In the first session, we highlighted why learning a programming tool like Python is important to becoming an oceanographer. (Here are the slides I used.)

Specifically, we covered:

  • A quick quick introduction to Google Colab
  • The importance of Reproducible Research (check out The Scientific Paper is Obsolete from the Atlantic)
  • How programming notebooks help with reproducible research and collaboration
  • And some Python programming basics.

The second session was far more fun. We focused on the bottom half of the notebook, which demonstrates how, with a few lines of code, students can quickly access and plot data from NDBC. After a quick demo, we broke students up into small groups (using Zoom’s breakout rooms feature) and asked them to make a plot or two to show the full class at the end. A few students had some familiarity with programming, and we made sure they were dispersed throughout the small groups, so each group had a “ringer” to help.

More importantly, we focused on using the NDBC dataset for two key reasons.

  1. NDBC moorings are primarily supported by the National Weather Service, and thus focus on weather measurements like air/water temperatures, barometric pressure and winds that should be familiar with students.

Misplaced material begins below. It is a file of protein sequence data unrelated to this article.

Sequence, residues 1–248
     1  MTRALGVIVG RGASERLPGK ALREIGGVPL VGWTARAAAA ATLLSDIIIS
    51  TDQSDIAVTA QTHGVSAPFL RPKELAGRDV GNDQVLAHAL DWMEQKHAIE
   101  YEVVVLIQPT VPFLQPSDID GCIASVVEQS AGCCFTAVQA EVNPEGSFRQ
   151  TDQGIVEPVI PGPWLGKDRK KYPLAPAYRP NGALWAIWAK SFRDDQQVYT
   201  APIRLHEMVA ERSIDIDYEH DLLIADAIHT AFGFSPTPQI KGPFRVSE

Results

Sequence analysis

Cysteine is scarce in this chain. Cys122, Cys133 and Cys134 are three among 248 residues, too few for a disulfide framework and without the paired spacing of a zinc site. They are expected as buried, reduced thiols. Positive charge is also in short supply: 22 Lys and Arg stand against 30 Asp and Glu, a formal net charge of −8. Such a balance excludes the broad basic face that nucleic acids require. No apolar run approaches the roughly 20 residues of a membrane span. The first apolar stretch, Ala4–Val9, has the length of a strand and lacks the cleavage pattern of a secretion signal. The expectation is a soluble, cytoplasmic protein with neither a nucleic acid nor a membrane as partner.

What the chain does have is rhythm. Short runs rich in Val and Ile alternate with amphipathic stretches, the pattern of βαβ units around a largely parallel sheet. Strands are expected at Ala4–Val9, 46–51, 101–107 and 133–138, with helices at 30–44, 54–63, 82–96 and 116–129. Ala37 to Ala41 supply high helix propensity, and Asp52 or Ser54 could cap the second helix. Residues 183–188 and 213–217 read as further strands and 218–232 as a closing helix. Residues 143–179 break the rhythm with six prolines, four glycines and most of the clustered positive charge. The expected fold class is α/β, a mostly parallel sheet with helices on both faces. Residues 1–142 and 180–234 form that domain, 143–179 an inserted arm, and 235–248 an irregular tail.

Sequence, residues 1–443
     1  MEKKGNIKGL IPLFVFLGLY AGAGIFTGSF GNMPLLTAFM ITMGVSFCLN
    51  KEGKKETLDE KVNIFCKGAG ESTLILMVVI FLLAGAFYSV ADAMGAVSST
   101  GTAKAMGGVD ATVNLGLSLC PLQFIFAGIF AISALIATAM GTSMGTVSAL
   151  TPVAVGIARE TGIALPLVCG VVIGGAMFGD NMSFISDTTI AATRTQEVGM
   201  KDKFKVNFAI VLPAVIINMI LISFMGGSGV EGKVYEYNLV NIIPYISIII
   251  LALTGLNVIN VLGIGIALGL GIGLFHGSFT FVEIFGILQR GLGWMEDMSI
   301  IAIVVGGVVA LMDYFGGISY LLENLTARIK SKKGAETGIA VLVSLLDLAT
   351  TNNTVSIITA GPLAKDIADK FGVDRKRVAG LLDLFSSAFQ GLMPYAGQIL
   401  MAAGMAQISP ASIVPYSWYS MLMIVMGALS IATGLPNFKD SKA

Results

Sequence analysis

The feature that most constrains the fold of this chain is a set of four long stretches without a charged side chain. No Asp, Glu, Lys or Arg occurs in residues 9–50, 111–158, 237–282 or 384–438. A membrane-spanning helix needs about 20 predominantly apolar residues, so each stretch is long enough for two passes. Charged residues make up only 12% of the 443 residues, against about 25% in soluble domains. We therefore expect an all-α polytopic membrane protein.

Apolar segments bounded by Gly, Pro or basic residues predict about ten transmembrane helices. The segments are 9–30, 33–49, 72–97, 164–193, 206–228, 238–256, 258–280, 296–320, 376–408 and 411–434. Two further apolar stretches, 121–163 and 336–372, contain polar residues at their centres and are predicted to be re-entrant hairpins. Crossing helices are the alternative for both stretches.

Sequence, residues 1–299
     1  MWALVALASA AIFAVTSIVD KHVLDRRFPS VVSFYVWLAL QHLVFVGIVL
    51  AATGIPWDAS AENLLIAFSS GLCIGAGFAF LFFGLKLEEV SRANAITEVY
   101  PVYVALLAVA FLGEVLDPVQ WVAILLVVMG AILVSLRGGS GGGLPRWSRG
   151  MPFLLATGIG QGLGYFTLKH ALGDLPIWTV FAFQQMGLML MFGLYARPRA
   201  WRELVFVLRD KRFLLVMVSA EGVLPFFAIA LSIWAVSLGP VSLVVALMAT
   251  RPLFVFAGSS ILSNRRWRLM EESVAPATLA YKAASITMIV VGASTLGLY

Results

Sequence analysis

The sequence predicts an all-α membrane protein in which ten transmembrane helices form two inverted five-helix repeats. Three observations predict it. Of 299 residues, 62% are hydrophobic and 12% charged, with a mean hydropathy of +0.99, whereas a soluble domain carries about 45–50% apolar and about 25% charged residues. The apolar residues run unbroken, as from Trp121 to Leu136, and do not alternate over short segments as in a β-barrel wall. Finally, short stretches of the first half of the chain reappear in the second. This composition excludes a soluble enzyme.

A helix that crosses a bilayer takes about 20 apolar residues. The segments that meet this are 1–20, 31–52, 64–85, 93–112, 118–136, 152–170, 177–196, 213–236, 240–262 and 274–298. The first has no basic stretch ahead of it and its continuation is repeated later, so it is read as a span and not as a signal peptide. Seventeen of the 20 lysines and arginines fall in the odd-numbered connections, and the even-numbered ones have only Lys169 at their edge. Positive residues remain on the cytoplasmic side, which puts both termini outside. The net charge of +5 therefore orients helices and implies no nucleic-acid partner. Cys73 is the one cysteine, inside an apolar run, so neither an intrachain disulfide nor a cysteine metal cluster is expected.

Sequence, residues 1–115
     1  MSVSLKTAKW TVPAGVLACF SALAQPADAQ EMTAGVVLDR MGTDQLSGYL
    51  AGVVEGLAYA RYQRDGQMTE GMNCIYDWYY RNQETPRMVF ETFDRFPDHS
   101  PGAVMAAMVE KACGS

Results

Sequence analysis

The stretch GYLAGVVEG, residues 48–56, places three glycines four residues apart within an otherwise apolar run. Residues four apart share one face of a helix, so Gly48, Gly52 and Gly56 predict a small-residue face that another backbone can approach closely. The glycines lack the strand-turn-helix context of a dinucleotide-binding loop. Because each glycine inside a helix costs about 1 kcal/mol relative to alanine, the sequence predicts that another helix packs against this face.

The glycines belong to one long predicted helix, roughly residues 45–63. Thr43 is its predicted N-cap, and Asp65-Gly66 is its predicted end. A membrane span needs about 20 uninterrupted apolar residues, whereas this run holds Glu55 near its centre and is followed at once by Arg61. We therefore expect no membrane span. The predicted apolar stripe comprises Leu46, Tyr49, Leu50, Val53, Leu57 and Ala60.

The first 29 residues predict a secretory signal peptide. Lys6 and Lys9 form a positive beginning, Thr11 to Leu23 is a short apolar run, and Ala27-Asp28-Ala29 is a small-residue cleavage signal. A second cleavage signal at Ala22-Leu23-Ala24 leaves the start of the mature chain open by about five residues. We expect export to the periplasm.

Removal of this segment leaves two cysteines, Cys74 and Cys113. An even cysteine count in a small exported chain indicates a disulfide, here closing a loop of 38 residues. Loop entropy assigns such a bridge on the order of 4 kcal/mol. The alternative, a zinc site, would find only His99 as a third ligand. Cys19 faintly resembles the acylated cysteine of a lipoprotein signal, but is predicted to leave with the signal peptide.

2. The NDBC data portal, and specifically their DODS interface, makes it easy to access data from hundreds of buoys around the world. This allowed students to choose a research question that was of interest to them, and have plenty of options to choose from.

To my mind, NDBC is the best data center available that a) is easy to access, b) has a wide geographic reach, and c) has datasets that are easy to interpret. While trying to introduce students to programming, data processing and data visualization, I feel it’s better to keep the data as simple as possible to keep the cognitive load down. Plus being able to understand and interpret the results can help students increase their confidence as they build all of these skills.

Teaching is hard enough. Introducing students to programming, data visualization and interpreting messy real-world data requires a lot of flexibility. (And that’s before we even get into the challenges of remote learning.) The NDBC dataset, which we continued to use for a mini-research project as part of the 2-week workshop, made this easier and more fun.

This was my first attempt at teaching all these skills at once, and I learned a lot myself. So while this notebook is far from perfect, I hope you still find it helpful.

This post is part of our 2020 Summer REU Intro to Python series. See also Part 2, Part 3 and Part 4.